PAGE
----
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Power Generation Industry Solutions

Induction heating can be used to produce wind turbines with reduce maintenance and maximum uptime.In today’s global economy, manufacturers of power generation equipment face
many challenges. While continually seeking ways to drive down production costs
and accelerate time-to-market, improved product quality and manufacturing consistency are absolutely essential. And particularly in the power generation industry, environmental concerns have begun to play a major role.

To address all these concerns, manufacturers of power generation equipment are turning to the one heating technology that can meet them all: induction heating. Induction heating is a quick, clean, non-contact method of inducing heat for a wide variety of metal joining and heat treating applications used in the manufacture of power generation equipment. When compared to convection, radiant, open flame
or other heating methods, induction heating offers substantial advantages.

•  Increased consistency with solid state temperature control & closed loop
   monitoring systems
•  Maximized productivity with in-cell operation; no soaking time or lengthy cool
   down cycles
•  Improved quality with minimized product warpage, distortion and reject rates
•  Extended fixture life with site-specific heat without heating any surrounding parts
•  Environmentally sound without flame, smoke, waste heat, noxious emissions or
   loud noise
•  Reduced energy consumption with up to 80% energy efficient operation

Production of Gears and Slewing Rings for Wind Turbines
As the global demand for clean energy increases, wind turbine machines have become increasingly popular because of their relatively small carbon footprint. Designed to produce electricity from the kinetic power of the wind, they produce large amounts of electricity when grouped together in onshore or offshore windfarms.

The production of gear boxes for wind turbines requires a series of paintstaking and expensive manufacturing processes to ensure that the parts have the required quality, strength and durability. Industrial heat treating and hardening sytems from GH Induction Atmospheres can greatly simplify the manufacturing process for slewing rings as well as yaw, pitch and rotor bearings. With precise accuracy and control, GH IA systems can selectively harden specific areas of the gear, producing parts with superior strength and wear resistance.

With heat treating systems from GHIA , manufacturers of wind turbine machines can produce turbines with lower maintenance costs and maximum uptime.

Horizontal double rotating table for gear hardening

Aerospace Engine Component Repair
HPT blade tip repairWithin the aerospace industry, it has become much more economical to repair costly engine components than to replace them. Our turnkey induction heating systems provide cost effective, time-saving solutions for repairing high pressure turbine (HPT) blade tips, Ti weld stress relief, brazing metering plates to dovetails and wear pads to mid-span spars, brazing honeycomb seals and other engine components, handling orphan parts and many other applications.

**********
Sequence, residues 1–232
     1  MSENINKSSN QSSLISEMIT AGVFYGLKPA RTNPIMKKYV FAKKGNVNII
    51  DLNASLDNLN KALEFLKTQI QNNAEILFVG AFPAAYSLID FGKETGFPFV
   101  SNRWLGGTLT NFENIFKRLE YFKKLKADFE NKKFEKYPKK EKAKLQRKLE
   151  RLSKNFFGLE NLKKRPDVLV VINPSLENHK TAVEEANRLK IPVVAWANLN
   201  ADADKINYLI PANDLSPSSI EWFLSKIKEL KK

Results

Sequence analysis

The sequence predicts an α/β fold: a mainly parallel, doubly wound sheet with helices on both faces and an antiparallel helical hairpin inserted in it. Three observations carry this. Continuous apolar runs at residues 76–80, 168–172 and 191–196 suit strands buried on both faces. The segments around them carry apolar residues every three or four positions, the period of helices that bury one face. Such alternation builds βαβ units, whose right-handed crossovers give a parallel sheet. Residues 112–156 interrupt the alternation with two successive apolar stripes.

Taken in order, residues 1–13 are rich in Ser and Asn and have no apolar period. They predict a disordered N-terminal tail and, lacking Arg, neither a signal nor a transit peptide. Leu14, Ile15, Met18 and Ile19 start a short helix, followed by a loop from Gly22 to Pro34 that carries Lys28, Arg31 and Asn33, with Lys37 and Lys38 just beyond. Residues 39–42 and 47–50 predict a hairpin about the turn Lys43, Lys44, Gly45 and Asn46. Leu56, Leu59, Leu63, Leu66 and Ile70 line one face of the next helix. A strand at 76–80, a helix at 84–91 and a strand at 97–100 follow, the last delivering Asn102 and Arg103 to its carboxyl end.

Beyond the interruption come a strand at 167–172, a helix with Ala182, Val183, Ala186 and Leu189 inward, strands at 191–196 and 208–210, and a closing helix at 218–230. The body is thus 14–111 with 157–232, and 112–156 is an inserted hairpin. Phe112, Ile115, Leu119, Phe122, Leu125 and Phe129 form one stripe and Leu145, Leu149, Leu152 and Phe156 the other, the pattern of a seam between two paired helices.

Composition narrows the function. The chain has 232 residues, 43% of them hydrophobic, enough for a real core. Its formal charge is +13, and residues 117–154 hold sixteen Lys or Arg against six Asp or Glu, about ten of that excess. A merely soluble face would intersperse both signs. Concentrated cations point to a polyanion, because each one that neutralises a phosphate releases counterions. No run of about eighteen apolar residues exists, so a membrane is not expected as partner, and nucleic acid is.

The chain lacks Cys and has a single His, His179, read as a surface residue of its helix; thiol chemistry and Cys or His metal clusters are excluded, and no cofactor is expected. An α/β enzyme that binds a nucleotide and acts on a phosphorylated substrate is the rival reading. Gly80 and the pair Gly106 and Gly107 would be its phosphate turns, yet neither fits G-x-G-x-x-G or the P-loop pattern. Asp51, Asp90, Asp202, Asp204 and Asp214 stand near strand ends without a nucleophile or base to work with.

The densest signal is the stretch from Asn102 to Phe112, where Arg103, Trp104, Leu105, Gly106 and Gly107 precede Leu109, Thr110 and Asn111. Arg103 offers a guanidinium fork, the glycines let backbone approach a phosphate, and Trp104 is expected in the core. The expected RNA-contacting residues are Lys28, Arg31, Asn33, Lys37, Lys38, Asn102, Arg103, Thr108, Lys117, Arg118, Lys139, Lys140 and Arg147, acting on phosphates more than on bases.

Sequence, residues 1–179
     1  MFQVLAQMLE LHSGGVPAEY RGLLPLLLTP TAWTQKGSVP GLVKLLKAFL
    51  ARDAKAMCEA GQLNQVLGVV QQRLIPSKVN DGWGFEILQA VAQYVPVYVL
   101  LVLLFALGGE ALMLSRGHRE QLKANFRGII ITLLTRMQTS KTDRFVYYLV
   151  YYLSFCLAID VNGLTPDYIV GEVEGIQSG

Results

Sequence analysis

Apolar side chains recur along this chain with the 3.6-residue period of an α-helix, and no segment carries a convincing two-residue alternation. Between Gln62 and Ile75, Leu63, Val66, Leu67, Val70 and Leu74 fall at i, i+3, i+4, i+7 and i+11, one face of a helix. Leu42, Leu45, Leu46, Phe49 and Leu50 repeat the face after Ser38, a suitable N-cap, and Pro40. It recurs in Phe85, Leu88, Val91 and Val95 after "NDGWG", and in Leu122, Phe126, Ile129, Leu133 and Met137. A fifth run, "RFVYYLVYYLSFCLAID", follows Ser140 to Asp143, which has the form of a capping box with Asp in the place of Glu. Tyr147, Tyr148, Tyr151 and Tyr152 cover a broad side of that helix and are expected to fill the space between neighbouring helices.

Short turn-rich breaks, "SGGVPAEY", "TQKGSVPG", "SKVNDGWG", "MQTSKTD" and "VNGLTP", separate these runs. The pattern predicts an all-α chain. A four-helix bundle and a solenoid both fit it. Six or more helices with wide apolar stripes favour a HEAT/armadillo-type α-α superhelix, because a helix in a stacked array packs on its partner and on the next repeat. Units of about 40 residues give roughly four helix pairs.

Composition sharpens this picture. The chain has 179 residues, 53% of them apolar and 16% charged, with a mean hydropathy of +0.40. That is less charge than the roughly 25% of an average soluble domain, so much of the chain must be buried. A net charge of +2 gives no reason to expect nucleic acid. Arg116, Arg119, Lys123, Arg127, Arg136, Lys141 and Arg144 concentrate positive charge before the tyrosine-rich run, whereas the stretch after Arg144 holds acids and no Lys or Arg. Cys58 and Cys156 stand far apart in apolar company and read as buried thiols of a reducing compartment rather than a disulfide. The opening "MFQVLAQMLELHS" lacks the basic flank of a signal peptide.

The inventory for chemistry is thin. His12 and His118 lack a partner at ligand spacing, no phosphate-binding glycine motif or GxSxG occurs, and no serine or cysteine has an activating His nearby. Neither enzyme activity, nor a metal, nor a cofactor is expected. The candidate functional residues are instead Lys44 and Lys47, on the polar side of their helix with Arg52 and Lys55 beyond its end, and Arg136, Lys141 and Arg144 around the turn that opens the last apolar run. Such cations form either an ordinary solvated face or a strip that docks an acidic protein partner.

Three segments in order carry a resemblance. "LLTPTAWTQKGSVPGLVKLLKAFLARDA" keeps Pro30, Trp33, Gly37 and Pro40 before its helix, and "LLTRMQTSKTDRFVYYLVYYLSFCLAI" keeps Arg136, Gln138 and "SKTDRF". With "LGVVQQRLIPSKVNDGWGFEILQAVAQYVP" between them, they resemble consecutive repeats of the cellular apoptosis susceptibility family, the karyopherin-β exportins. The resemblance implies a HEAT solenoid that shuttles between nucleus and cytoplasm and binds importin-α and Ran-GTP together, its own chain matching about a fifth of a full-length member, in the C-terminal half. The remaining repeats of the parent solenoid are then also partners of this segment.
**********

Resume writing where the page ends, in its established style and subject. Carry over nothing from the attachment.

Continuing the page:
Worn HTP blade tips can be repaired for reuse with a specialized welding process. Induction heating is a cost-effective way to bring the blade tip up to welding temperature
(typically1800°F) in just minutes.

The pre-heat and welding processes can be accomplished in an inert atmosphere with an Atmospheric Glove Box System provided the parts themselves are very clean. Purging Systems which circulate gas through the dovetail to eliminate contaminants are recommended for applications where the parts are not initially clean.
Induction heating vacuum furnace

While induction heating traditionally excels at selectively heating small areas with pinpoint accuracy, GH IA engineers have developed a compact induction heating vacuum furnace for whole part heat treating and brazing in a controlled atmosphere. This furnace provides an ideal environment for heating small lot sizes, parts of unusual shapes, and repairing "orphans" from other heating processes.

Traditionally, these processes have been run in a large batch vacuum furnace. But with an increasing emphasis on continuous flow / lean manufacturing, many companies are looking for an alternative to these fossil-fuel furnaces and their drawbacks – the large footprint, lack of quality control and poor efficiency of vacuum furnaces fly in the face of lean, continuous flow manufacturing requirements. Because long "soak" times are required to bring batch vacuum furnaces up to temperature, they are generally left on 24/7 whether in actual use or not. Not exactly a lean proposition!

Induction heating can also be utilized for a wide variety of aerospace brazing processes, such as brazing nickel metering plates to dovetails brazing wear pads to mid-span spars, brazing honeycomb seals and other components. To obtain maximum joint quality , these processes are done under stringent vacuum stringent vacuum (<5x10[-5] torr) and/or high temperature (up to 2200°F).

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